Madison, Dec. 31

Land we already own but can't use. Good point.

Jim's got it right: we have a good plan that will serve every resident of the county (and our bait-buying, sales-tax-paying visitors). Let's make this happen!


  1. Jim made good points. Maybe he could have avoided the us vs. them rich people thing, but the wealthier people around the lake do have a different perspective. I wish the county would keep more control of it rather than the feds, but I'm also not sure I trust the county in the long run not to roll over for the rich folks, especially given the new commissioners. Self interest has really gotten its way the last couple of years around here.

  2. Cory et al:

    Keep fighting on this. There is nothing to raise the desirability of a community (and therefore swell the tax rolls) like having public parks, bike paths, and other wholesome recreational activities available to all.

    Those projects don't just bring a few wealthy people for the summer, they bring families that settle and stay.


  3. The idea of public access at the County Poor Farm is a terrific idea, but we don't need GFP involved. Maybe we can apply to have the improvement project included in Obama's public works funding plan and put some folks to work while maintaining county control of our valuable property. Valuable to our residents as another recreation option for Lake County and visitors. There is about 800 to 900 feet of frontage on that strip. Maybe we should think larger? Jim Thompson could have used less aggressive language in his letter and still gotten his point across. His jealousy really comes through in his writing.

  4. Lake County might consider developing the area into a family recreation area, complete with softball diamonds, swimming area, boat launch, fishing pier.

    None of those things would cost much money and maybe we could have a community drive to raise money and provide volunteer labor for much of the project.

    What a way to provide more relaxation options for residents.

    Since the county has had the property for over 100 years and has been using the gravel for decades, it owes us nothing. A great remake of the poor farm area!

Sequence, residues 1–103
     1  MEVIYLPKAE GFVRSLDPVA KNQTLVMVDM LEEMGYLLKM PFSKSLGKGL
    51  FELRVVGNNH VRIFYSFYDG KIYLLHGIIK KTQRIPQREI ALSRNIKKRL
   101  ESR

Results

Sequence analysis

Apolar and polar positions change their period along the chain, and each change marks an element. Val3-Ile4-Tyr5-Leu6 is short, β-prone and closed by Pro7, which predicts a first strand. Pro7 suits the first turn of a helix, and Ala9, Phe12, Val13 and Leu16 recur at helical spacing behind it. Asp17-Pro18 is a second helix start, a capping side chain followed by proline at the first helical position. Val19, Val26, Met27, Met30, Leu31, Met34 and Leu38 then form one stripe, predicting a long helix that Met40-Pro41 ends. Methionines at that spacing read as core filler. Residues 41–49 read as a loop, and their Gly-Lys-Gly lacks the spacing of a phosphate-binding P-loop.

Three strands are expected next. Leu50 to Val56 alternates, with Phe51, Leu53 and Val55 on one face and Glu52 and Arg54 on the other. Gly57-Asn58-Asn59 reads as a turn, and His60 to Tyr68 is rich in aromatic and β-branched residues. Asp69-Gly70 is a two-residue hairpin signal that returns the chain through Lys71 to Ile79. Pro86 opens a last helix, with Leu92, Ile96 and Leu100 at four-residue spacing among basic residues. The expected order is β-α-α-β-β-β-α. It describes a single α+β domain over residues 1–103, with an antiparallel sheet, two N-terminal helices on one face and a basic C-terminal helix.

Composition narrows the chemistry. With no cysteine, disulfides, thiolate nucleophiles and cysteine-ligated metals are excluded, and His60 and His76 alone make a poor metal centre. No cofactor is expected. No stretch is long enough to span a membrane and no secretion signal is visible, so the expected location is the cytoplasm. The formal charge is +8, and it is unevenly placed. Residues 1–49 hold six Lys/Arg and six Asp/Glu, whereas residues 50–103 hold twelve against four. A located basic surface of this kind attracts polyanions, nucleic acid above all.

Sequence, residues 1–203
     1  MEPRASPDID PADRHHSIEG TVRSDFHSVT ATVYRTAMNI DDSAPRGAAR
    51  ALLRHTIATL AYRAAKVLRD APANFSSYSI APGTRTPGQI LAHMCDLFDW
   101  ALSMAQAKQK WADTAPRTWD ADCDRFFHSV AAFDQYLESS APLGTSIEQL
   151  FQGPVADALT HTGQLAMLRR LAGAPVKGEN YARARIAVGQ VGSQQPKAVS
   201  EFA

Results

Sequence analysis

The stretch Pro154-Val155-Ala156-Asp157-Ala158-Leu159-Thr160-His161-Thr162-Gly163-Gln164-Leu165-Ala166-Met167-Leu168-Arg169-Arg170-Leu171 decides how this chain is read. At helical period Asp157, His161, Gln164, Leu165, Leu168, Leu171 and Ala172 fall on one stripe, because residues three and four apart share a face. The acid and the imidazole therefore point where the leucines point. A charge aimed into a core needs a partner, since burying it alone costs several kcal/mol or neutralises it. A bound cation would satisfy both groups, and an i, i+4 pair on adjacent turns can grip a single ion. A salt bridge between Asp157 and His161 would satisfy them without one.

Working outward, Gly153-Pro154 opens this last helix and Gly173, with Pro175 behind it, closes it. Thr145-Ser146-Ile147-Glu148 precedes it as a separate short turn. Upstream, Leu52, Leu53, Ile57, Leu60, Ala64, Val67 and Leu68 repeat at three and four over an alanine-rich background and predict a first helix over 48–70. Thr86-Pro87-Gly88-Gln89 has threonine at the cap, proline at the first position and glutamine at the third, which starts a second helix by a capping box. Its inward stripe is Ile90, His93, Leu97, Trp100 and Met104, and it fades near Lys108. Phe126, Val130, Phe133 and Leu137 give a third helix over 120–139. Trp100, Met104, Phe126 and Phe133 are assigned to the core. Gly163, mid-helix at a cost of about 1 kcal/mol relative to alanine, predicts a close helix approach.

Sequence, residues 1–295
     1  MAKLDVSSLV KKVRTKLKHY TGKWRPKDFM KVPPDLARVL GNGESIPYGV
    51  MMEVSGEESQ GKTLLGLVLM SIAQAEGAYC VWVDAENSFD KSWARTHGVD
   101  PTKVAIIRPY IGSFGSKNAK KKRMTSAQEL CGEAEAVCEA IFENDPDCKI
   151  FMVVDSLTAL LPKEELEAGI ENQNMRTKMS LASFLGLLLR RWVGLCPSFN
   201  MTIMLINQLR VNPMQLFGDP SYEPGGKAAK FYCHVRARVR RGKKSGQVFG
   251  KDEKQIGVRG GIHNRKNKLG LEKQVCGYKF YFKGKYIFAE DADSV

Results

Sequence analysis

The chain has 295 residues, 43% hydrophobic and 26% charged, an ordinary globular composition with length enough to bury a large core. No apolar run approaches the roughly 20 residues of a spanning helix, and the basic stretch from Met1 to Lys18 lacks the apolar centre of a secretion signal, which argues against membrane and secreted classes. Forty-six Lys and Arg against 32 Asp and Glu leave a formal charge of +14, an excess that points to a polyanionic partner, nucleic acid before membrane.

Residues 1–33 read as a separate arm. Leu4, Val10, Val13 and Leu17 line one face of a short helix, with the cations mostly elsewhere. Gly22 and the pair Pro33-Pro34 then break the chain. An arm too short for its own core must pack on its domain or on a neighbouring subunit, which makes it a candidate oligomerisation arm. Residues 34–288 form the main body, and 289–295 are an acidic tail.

5. I've heard Jim's words called "aggressive" and "hurtful" (it must really hurt to be called rich), but he's still right: it's our land, and we should find a way to put it to good use for everybody. He's also right that supporters of a good public project on the old poor farm should be at the commission meeting! Come on, you squeaky wheels! Let's get some grease!

    GF&P might be our best option financially. No fundraising needed: they put in the improvements, maintain it, clean the outhouse, and pay the county (us!) rent to boot. Increased revenue, no increased county expenses -- can't beat that!

  6. Is the public loosing access to the Johnson's Point area? I heard the state was selling it and there is a large for sale sign there with some lots already sold.

  7. Anon 3:40

    You heard wrong. Johnson's Point is owned by GFP and is not for sale. Some building lots north of Johnson's Point and east of Johnson's Point are for sale privately. I think through Madison Realty.

  8. Why don't we (the county) sell the land to Linda Hilde so she can develop it as she sees fit?

    That would end the controversy.

  9. Linda Hilde isn't trying to get the land. She can't get it unless through public auction, sealed bids or trade, and only after it would be declared surplus, which probably won't happen. Maybe focus on the project, not the people, so your comments have credibility.